Introduction to Hampton, Virginia
Hampton is a Virginia city located on the southeast end of the Virginia Peninsula. It is bounded on the north and east by the Chesapeake Bay and on the south by the Hampton Roads Harbor. The city is situated about 16 miles north of Norfolk, to which it is connected by Interstate I-64. Hampton is served by two airports: the primary area airport is Norfolk International Airport in Norfolk; and the region's secondary airport is Newport News/Williamsburg International Airport, located in Newport News.
Widely considered to be one of the nation's earliest settlements, Hampton dates its origins back to the early 1600s. Mainly a quiet trading port before the Civil War, Hampton found itself in the middle of the conflict when the Confederate army, in an attempt to stop Union troops from taking over the town, burned it to the ground in 1861. From the ruins left behind, former slaves who were under a degree of Union protection built the Grand Contraband Camp, the first self-contained African American community in the United States. Hampton achieved its city status in 1952 after a municipal consolidation which resulted in the City of Hampton essentially incorporating the boundaries of the former Elizabeth City County.
Hampton Cultural Attractions
The Hampton area features a wide variety of historical, cultural and recreational attractions. The Hampton University Museum is located on the grounds of one of the oldest African-American universities in the country. The University originated as the Hampton Normal and Agricultural Institute, whose mission was to educate freed black men and women after the Civil War and teach them trades and skills. Also located at the site is the Emancipation Oak, the place where Lincoln's Emancipation Proclamation was read. Another Hampton landmark is the Virginia Air & Space Center, the official visitor center for NASA's Langley Research Center. Here visitors can see the Apollo 12 Command Capsule that journeyed to the moon, experience a state-of-the-art virtual-reality video on the pioneers of flying, and much more. The Hampton History Museum, located in historic downtown, tells the storied history of Hampton. Costumed interpreters are on-hand to help visitors understand the significance and context of the exhibits. Also located downtown is The Charles H. Taylor Arts Center, a 1925 structure which served as Hampton's public library for over 60 years. After careful renovation and restoration, the building now presents changing exhibitions of the best of local, regional, and national artists. And no Hampton attraction is more significant than the Casemate Museum at Fort Monroe (the largest stone fort ever built in the United States). The Museum chronicles the Fort's role during the Civil War and contains the cell in which Confederate President Jefferson Davis was imprisoned.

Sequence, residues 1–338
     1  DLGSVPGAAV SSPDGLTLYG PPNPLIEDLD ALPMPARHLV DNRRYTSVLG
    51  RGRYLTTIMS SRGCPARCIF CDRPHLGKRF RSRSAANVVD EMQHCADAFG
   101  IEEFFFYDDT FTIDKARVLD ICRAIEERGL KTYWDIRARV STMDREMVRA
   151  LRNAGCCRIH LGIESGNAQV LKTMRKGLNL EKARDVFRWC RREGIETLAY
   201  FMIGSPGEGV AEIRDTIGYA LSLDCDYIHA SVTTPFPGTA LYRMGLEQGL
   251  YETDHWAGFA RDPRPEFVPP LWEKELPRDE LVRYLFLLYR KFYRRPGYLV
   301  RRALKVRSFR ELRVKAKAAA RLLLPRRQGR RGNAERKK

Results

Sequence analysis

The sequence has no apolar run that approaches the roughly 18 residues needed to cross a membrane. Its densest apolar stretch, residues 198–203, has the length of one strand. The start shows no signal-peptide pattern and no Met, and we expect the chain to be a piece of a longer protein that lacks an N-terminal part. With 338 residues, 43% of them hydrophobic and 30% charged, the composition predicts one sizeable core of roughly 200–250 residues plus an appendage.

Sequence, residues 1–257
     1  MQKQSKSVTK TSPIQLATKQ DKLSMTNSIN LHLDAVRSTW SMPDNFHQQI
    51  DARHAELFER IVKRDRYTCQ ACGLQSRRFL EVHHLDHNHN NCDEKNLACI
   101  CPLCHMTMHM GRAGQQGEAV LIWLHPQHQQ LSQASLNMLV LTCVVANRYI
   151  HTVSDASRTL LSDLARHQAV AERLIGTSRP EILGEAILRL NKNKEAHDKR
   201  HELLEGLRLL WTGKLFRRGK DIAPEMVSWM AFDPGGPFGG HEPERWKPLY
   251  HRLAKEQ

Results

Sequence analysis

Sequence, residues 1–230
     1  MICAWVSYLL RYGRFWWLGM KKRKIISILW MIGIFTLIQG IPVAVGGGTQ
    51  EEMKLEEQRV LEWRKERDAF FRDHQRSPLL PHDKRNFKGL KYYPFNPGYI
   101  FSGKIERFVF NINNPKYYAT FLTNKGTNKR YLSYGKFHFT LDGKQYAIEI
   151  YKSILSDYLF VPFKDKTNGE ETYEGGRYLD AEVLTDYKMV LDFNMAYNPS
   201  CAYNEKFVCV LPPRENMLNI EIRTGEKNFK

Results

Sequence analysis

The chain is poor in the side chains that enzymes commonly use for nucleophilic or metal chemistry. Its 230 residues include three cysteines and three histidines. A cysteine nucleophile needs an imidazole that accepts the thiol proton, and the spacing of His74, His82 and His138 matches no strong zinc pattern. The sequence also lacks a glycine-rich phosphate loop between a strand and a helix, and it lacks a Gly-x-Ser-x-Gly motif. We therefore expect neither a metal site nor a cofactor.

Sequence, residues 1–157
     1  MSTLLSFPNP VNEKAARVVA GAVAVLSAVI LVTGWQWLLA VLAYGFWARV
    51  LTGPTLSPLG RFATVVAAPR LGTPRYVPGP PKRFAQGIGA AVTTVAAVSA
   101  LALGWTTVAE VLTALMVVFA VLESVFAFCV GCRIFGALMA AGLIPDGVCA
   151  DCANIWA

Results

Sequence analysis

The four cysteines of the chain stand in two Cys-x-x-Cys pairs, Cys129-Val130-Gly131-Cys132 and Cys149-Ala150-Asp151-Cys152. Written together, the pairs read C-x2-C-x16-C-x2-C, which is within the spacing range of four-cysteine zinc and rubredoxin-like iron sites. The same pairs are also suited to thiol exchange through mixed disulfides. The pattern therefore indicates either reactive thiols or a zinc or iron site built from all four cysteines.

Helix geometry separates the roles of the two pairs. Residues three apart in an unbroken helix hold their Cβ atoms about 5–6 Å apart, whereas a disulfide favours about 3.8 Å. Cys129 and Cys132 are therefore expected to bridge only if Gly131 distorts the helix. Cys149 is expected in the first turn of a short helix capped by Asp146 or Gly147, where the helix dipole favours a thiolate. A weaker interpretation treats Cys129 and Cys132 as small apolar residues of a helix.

Fans of NCAA Division I collegiate athletics have teams in town to root for. The Hampton University Pirates compete in the Mid-Eastern Athletic Conference (MEAC), in which their teams have won titles in many sports, including football, men's and women's basketball, men's and women's track, and men's and women's tennis. Hampton also has a professional sports team, soccer's Hampton Roads Piranhas who compete in the United Soccer League's Premier Development League (PDL). Nearby Norfolk is home to the Tides, a minor-league AAA baseball affiliate of the Baltimore Orioles; and also to the American Hockey League's Norfolk Admirals, a farm team of the Tampa Bay Lightning of the NHL.
Hampton strengths, compared to Peers (similar size places nationally) or State (other places in Virginia):
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